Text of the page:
Online citations, reference lists, and bibliographies.
← Back to Search

Overall Summary, Hypotheses Test, And Policy Implications

Nabaz T. Khayyat
Published 2017 · Economics

Cite This
Download PDF
Analyze on Scholarcy
Share
The analysis presented in Chaps. 6 and 7 provide an appealing perspective of the relationships between the energy demand and other input factors of production, especially the ICT capital investment, as well as between the energy demand and some industries’ characteristics. It also provides a general comparison between these relationships through analyzing the productivity growth of the South Korean industrial sectors. This chapter will provide insights into the implications of all the factors affecting these relationships. It also provides an in-depth discussion of the results, along with a discussion of the limitations of this study and suggestions for future research. Recommendations for decision makers will be made, along with their support and justification that have emerged based on the findings.
This paper references
The Internationalization and Performance of Korean and Japanese Firms: An Empirical Analysis Based on Micro-data
S. Ahn (2005)
10.7208/CHICAGO/9780226379005.003.0003
Exporting and Performance of Plants
Chin Hee Hahn (2005)
10.1046/J.0013-0133.2003.00166.X
Productivity, Output, and Failure: A Comparison of Taiwanese and Korean Manufacturers
Bee Yan Aw (2002)
10.1080/12265080801911907
Total Factor Productivity in Korean Manufacturing Industries
Inha Oh (2008)
10.1016/S0304-4076(96)01802-7
Pooled estimators vs. their heterogeneous counterparts in the context of dynamic demand for gasoline
B. Baltagi (1997)
International Comparison of Total Factor Productivity in ICT Industries: A Stochastic Frontier Approach
정선영 (2011)
10.1111/J.1467-937X.2010.00612.X
Modelling income processes with lots of heterogeneity
M. Browning (2002)
10.1016/J.TECHFORE.2008.03.009
The changing pattern of industrial technology linkage structure of Korea: Did the ICT industry play a role in the 1980s and 1990s?
M. Kim (2009)
10.1146/ANNUREV.EG.04.110179.002245
FRONTIERS IN ENERGY DEMAND MODELING
R. S. Hartman (1979)
ICT and Energy Use: Patterns of Substitutability and Complementarity in Production
Elena Ketteni (2013)
Structural Changes in Asia and Growth Prospects After the Crisis
Jean-Claude Berthélémy (2000)
10.1080/01621459.1999.10474156
Pooled Mean Group Estimation of Dynamic Heterogeneous Panels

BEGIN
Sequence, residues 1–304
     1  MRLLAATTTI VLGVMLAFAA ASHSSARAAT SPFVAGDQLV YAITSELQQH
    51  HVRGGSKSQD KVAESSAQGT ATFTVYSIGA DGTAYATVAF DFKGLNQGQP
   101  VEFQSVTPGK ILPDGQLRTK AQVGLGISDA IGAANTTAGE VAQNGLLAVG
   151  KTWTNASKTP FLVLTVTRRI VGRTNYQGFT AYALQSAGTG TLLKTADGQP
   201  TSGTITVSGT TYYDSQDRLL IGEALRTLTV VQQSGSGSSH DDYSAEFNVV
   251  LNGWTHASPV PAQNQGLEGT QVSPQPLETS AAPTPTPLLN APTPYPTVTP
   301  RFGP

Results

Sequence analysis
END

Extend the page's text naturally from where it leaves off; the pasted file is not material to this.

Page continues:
M. Pesaran (1999)
10.1007/978-3-540-75892-1_16
To Pool or Not to Pool
B. Baltagi (2008)
10.1016/J.JPOLMOD.2004.08.012
Economies of scale, technological progress, and the sources of economic growth: case of Korea, 1969-2000
S. Y. Kwack (2005)
10.3386/w3041
Dynamic Factor Demand Models, Productivity Measurement, and Rates of Return: Theory and an Empirical Application to the U.S. Bell System
M. Nadiri (1989)
10.1111/j.1468-5876.2009.00470.x
Comparative Analysis of Plant Dynamics by Size: Korean Manufacturing
Inha Oh (2009)
10.1016/S1574-0684(05)01008-7
Chapter 8 Growth Econometrics
S. Durlauf (2005)
From Miracle to Maturity: The Growth of the Korean Economy
Barry J. Eichengreen (2012)
Econometric Analysis of Panel Data
B. Baltagi (1995)
10.4337/9781847208743.00012
Growth Accounting and Productivity Analysis by 33 Industrial Sectors in Korea (1984-2002)
H. K. Pyo (2006)
10.2139/ssrn.2154959
Evidence on the Impact of R&D and ICT Investment on Innovation and Productivity in Italian Firms
B. Hall (2012)
New Indexes of Coincident and Leading Economic Indicators
James H. Stock (1989)
10.1016/J.JAPWOR.2014.02.002
Total Factor Productivity of Korean Manufacturing Industries Comparison of Competing Models with Firm-Level Data
Dong-hyun Oh (2010)
10.1111/J.1467-8489.2004.00240.X
Productivity Improvement in Korean Rice Farming: Parametric and Non-Parametric Analysis
O. Kwon (2004)
10.1162/003465300559037
The Generalized Dynamic-Factor Model: Identification and Estimation
M. Forni (2000)
10.1016/S0304-3932(01)00065-4
Does productivity growth fall after the adoption of new technology
M. Huggett (2001)
10.1093/CESIFO/49.3.295
ICT and productivity in Europe and the United States. Where do the differences come from
Bart van Ark (2003)
10.1016/0304-4076(86)90033-3
A comparison of alternative methods for the estimation of dynamic factor demand models under non-static expectations☆
I. Prucha (1986)



Semantic Scholar Logo Some data provided by SemanticScholar